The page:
Monday, September 26, 2022

Review of "Starr Tracks: Belle and Pearl Starr," by Phillip W. Steele

 Review of

Starr Tracks: Belle and Pearl Starr, by Phillip W. Steele ISBN 0882897233

Five out of five stars

An injection of reality into the legends

 With a countless number of western books and many different movies and television shows with a western theme, many of the characters have become mythologized. Many of the stories of their exploits are more legend than fact. This alteration of history covers all types of characters, from the heroes to the outlaws to the women. One of the most famous is Belle Starr, sometimes called the “Bandit Queen.”

 Like so many of the outlaws of legend such as the James Gang, the origin of the story of the woman known as Belle Starr begins in Missouri during the Civil War. It was a state sharply divided between Union and Confederate sympathies and Starr was on the side of the Confederacy. When the war was over, many of the people that supported the Confederacy moved to the outlaw side of society.

 This book is based on the history of the family of Belle Starr. The sources were family records and interviews with the descendants of Belle Starr. It was interesting to learn that she in fact went by several names and had multiple husbands. At least it appears that way. There is also doubt as to who was in fact the biological father of her children.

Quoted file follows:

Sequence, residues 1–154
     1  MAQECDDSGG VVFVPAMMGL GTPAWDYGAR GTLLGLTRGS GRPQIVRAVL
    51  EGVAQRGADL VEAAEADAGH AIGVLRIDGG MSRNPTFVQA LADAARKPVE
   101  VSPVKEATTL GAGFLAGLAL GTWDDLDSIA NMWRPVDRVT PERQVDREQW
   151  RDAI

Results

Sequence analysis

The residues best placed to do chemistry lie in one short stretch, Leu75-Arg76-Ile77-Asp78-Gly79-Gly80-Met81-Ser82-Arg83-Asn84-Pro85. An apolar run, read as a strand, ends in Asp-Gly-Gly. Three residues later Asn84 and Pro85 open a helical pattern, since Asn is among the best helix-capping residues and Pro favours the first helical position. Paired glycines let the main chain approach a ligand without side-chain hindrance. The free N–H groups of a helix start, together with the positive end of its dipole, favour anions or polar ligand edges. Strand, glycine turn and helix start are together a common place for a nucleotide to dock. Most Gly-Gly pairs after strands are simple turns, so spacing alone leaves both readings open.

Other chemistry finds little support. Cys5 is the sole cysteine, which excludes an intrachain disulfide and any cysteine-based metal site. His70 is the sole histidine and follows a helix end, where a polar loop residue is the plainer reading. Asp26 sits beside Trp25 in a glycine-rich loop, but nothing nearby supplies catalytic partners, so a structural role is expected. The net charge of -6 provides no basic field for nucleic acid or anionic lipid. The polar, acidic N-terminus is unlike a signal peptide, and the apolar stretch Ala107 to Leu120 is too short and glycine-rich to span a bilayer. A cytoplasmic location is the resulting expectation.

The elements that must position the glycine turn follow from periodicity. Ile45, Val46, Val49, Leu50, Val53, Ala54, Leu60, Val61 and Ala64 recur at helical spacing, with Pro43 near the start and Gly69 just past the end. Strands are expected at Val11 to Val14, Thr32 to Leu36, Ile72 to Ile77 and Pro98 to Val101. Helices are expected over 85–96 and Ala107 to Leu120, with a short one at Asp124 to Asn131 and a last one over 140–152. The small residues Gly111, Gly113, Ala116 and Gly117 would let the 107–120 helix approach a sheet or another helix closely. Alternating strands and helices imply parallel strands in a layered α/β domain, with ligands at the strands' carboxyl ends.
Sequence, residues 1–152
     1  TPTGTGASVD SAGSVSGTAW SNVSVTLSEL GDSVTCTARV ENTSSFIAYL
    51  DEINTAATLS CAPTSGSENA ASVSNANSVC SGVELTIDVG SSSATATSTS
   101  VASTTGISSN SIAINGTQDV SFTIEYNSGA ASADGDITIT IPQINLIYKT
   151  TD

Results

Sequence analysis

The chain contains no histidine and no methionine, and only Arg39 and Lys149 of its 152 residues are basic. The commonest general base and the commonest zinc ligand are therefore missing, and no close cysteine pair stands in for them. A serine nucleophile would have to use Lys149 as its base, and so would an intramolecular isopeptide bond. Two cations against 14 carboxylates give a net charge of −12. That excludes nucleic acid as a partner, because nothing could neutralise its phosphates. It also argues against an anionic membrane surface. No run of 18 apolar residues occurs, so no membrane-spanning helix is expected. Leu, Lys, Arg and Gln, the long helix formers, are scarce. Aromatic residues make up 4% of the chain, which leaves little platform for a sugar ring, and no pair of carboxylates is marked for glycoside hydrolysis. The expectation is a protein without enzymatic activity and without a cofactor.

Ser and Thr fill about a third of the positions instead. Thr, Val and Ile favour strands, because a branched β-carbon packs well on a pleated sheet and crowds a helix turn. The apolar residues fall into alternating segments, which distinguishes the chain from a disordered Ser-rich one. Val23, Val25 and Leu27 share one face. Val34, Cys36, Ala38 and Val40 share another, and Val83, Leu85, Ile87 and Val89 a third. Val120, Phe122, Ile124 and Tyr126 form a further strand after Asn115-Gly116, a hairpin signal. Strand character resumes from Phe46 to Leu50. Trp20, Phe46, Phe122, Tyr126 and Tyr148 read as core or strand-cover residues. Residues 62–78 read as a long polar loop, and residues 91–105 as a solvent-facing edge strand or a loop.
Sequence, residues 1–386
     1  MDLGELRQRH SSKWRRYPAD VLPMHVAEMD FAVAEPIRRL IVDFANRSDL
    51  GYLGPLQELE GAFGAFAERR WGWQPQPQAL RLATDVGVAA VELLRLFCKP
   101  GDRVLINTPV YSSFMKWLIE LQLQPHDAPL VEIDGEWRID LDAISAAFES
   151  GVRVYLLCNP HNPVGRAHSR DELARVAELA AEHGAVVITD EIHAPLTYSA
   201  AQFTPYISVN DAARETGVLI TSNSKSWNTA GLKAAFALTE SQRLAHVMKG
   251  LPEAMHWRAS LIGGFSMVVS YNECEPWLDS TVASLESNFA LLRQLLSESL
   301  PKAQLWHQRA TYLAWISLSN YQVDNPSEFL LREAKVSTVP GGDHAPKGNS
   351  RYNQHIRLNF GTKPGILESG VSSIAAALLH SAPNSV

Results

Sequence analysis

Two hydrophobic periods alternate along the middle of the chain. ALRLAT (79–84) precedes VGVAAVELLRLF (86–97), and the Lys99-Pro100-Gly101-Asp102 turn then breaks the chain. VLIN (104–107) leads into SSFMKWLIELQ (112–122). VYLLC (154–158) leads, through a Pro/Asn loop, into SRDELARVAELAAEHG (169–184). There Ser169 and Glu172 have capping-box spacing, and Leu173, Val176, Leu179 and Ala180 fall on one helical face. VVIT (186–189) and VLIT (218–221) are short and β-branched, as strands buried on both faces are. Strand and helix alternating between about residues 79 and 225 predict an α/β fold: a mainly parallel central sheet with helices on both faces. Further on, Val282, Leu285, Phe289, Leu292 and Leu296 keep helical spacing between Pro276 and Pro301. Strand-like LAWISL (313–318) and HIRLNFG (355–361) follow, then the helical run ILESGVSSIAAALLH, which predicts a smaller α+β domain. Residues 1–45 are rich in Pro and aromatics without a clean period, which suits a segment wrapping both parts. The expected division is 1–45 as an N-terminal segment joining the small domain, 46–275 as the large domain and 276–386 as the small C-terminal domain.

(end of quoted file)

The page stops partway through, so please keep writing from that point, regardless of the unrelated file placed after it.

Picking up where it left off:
As is most often the case, the verifiable track of history is much less dynamic than the legend. Yet, what is revealed is a woman that provided some basis for the stories of her outlaw actions. For example, she wore very fancy dresses, rode sidesaddle and carried a pair of pistols around her waist. This book is based on facts, and is interesting because it is based on truth, not fiction.

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